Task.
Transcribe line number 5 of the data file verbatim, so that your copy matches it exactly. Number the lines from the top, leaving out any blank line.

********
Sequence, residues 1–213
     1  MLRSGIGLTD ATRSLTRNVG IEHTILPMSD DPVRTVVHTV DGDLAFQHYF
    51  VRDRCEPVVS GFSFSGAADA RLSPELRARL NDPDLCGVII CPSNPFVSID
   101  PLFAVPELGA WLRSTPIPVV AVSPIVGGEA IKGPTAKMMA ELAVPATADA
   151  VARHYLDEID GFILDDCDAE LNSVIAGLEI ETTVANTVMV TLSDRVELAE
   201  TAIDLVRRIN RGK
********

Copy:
   151  VARHYLDEID GFILDDCDAE LNSVIAGLEI ETTVANTVMV TLSDRVELAE